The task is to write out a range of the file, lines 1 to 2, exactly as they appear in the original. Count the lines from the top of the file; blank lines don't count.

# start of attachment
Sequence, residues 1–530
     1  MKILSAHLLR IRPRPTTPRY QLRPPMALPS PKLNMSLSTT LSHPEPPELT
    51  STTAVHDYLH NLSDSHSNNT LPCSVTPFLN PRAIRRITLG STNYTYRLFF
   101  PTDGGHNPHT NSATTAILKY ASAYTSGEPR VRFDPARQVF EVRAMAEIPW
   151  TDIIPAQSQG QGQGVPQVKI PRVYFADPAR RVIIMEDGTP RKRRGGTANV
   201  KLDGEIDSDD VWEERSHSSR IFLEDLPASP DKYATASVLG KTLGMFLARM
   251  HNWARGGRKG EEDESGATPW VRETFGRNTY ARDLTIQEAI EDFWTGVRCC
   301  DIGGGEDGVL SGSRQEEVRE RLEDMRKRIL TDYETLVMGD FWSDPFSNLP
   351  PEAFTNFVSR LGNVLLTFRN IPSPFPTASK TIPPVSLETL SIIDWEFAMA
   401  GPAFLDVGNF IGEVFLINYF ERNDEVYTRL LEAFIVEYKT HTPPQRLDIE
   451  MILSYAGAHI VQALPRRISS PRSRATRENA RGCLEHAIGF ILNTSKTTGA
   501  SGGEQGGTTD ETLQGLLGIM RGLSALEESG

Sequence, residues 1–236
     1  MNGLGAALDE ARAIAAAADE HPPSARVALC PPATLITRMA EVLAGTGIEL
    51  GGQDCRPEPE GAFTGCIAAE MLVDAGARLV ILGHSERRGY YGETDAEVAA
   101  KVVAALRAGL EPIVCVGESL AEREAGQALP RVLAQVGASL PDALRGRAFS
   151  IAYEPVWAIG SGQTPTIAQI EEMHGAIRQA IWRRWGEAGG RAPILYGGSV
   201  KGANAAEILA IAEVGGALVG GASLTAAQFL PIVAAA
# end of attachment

Sequence, residues 1–530
     1  MKILSAHLLR IRPRPTTPRY QLRPPMALPS PKLNMSLSTT LSHPEPPELT